MAT 181 - Calculus I
A university parallel calculus course covering functions, limits and continuity. Differentiation and integration of polynomial, rational, trigonometric, logarithmic, exponential functions using computational and intuitive methods. Applications including curve sketching, rectilinear motion, related rates, maxima and minima. Summation, integration and the Fundamental Theorem of Calculus, and applications of the definite integral.
NOTE: Students may not use more than one of the following to meet graduation requirements: MAT 146, MAT 160, MAT 181.
Prerequisite: MAT 156 Algebra & Trigonometry for Calculus or equivalent
4 Class Hours
Learning Outcomes of the Course:
Upon successful completion of this course the student will be able to:
1. Find limits using computational and intuitive methods.
2. Understand the formal definition of a limit.
3. Determine continuity of functions.
4. Find the derivative of a function using the limit definition.
5. Graph, differentiate and integrate polynomial, rational, trigonometric, logarithmic, and exponential functions, using computational and intuitive methods.
6. Find derivatives by the chain rule.
7. Find implicit derivatives.
8. Understand differentials and linear approximations and their relation to the derivative.
9. Understand the Mean Value Theorem and Rolle's Theorem.
10. Set up and solve maxima and minima problems and related rate problems.
11. Use the first and second derivatives as aids in sketching curves.
12. Find antiderivatives.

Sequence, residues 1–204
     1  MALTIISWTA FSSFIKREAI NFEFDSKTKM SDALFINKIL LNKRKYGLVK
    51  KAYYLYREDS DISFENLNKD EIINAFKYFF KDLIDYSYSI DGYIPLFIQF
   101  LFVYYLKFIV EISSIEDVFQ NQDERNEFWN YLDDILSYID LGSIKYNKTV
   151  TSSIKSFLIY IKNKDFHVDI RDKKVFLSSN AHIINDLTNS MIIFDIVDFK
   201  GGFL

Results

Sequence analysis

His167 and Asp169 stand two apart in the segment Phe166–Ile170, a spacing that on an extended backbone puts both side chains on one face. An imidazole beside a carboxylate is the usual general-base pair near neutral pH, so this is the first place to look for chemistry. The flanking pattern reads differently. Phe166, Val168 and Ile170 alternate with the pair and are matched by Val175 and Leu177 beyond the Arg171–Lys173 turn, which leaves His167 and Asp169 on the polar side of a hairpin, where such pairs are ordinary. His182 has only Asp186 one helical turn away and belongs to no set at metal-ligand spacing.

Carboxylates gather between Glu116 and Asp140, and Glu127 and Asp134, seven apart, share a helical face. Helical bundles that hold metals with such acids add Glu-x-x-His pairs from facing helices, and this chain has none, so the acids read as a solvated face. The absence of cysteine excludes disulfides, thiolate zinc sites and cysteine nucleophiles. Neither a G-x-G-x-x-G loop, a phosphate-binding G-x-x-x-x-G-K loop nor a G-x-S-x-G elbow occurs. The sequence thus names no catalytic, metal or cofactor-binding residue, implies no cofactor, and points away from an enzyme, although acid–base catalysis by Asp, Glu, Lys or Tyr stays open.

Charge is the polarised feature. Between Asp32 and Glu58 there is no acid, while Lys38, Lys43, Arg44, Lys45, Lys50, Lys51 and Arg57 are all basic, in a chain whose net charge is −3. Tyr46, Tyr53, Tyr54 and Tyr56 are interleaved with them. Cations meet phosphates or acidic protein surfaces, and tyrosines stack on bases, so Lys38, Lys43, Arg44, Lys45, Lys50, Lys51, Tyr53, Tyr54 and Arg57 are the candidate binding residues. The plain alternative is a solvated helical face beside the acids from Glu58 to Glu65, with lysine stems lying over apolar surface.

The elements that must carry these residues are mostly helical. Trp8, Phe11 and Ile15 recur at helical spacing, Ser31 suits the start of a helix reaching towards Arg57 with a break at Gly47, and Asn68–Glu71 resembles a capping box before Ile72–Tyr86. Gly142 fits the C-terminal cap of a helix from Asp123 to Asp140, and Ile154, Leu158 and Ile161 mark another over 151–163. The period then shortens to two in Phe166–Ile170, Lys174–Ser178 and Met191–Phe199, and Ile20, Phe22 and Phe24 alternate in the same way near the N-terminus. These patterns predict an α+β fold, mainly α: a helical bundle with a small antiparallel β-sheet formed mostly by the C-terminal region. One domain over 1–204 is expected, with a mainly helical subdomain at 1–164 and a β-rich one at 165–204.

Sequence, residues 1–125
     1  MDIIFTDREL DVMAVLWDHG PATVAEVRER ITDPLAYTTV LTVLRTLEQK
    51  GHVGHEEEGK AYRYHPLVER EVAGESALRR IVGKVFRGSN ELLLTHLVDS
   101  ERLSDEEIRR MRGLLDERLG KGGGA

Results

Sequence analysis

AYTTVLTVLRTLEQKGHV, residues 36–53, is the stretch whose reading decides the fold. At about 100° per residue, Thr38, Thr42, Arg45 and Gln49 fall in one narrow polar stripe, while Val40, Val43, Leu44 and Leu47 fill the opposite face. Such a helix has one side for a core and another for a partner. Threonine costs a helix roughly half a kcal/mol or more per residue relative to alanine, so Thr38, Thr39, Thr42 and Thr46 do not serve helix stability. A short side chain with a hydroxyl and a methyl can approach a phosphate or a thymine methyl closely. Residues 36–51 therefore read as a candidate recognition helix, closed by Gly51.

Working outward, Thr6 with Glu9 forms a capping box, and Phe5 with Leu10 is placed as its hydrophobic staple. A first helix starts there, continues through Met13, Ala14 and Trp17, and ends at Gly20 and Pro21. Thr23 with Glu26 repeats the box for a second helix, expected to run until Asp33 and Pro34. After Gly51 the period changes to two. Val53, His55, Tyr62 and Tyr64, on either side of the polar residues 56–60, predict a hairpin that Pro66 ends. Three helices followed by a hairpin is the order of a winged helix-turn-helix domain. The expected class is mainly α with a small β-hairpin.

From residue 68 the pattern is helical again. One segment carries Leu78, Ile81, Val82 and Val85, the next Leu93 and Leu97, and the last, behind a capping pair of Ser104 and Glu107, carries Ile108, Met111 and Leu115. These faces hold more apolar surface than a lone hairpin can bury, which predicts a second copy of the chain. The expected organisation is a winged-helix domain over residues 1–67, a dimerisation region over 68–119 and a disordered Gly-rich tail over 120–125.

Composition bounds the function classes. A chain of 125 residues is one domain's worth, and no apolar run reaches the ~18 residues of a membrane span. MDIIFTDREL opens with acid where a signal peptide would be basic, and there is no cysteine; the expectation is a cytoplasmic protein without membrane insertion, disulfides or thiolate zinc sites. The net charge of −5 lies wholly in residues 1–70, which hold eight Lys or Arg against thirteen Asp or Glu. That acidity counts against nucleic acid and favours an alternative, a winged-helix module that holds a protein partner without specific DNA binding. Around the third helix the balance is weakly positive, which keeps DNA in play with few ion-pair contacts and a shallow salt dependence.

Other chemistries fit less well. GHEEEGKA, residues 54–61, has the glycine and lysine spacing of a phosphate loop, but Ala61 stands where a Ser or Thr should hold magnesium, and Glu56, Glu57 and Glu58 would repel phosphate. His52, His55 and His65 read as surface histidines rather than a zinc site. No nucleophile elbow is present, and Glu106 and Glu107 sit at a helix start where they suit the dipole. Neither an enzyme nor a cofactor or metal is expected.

13. Understand sigma notation and know that a definite integral is the limit of a Riemann sum.
14. Understand the Fundamental Theorem of Calculus.
15. Integrate by Substitution.
16. Apply the definite integral to problems involving area under a curve and area between curves.
17. Apply the definite integral to problems involving volume, curve length, and surface area.
18. Understand and solve elementary differential equations.
This course prepares students to meet the Mathematics General Education requirement.
In the context of the course objectives listed above, upon successful completion of this course the student will be able to:
1. Interpret and draw inferences from mathematical models such as formulas, graphs, tables and schematics.
2. Represent mathematical information symbolically, visually, numerically and verbally.
3. Employ quantitative methods such as arithmetic, algebra, geometry, or statistics to solve problems.
4. Estimate and check mathematical results for reasonableness.
5. Recognize the limitations of mathematical and statistical methods.
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